Te Ulu o Te Watu Training Institute opens

Tuesday June 04, 2013 Written by Published in Return to Pukapuka
Pukapuka students on their computer course at Niua School. 13060428 Pukapuka students on their computer course at Niua School. 13060428

Teacher Amelia Borofsky reports on the new tertiary training institute in Pukapuka.

The Te Ulu o Te Watu Training Institute officially opened in Pukapuka as part of the new vision for Cook Islands Tertiary Training.

In addition to consolidating current tertiary offerings, consultant and current director Jim Matheson looked to expanding the programs in the outer islands. Matheson said he choose Pukapuka and Aitutaki for the first outer island programs because “Both have very different economies and communities from Rarotonga and both have a significant youth population not engaged in training.” Secretary of Education Sharyn Paio said one of the main goals of tertiary training in the Cook Islands is “to ensure access to all.”

The Te Ulu o Te Watu Training Institute affectionately known as ‘The University of Pukapuka’, currently has 40 youth enrolled in courses and 60 in the overall programme. “We want the programme to get localised to the needs of each particular island community,” said Matheson.

In Pukapuka this includes offering college completion courses, opportunities relevant to the largely non-capitalist economy, and reviving the long-standing village youth groups. The majority of the youth want to stay on the atoll, going out for holidays and returning, always to contribute back to their community.

“If I had a million dollars,” said vice-chairman for the youth Paelo Lavalua, “I would fix our harbour, make a building for our school, and help my community here.”

For the last month, Yato village youth have been taking a woodworking course from master wood carver and Government Representative Marurai Marurai. As a volunteer teacher he exhibits the natural local gift for passing knowledge on. “I made my first model vaka at nine years old,” said Marurai, “and my first large vaka for fishing at 19. The youth today don’t know how to do this anymore. I want to pass on the knowledge of my father to this next generation.”

One of the core mottos of the programme is using the knowledge of the past to lead the future. The woodworking course, which currently focuses on making model vakas and kumete, teaches how to choose the wood and use only an adze and a chisel to carve. The woodworking items will get sold at an on-island market day, and eventually exported to the Rarotonga market. Aleti Katoa, course assistant who worked for four years at Island Crafts said “the good thing is that there is heaps of wood over here, not like in Raro where they have to buy the wood. Also our Pukapukan style is very different and it takes a lot more time”. As of this week, the woodworking course will also enjoy the benefits of a very large toolbox filled with routers, drills, chisels, sanders and more from the Cook Islands Trades Training Center.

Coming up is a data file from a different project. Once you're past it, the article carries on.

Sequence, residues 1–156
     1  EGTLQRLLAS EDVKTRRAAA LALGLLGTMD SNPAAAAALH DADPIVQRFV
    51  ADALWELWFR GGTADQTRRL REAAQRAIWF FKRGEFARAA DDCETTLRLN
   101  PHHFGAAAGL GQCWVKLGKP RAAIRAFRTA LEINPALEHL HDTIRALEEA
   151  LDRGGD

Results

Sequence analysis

Ngake village youth have taken to mechanics, already fixing six chainsaws, two generators and a washing machine within their first three weeks.

“The community is surprised by what the youth can do. Now they all want to bring in their items to get fixed,” said Iotama Lavalua, head mechanic for Pukapuka and volunteer teacher for the course.

The youth started charging $10 to fix an item, thus starting their first on-island small business.

“I want to pass my knowledge on,” said Lavalua, “I don’t have time to fix everything on the island and right now if I go to New Zealand everyone has to wait until I get back.” Two of the chainsaws came from Nassau to get fixed, and to the surprise of many bystanders, two young women fixed them in less than an hour.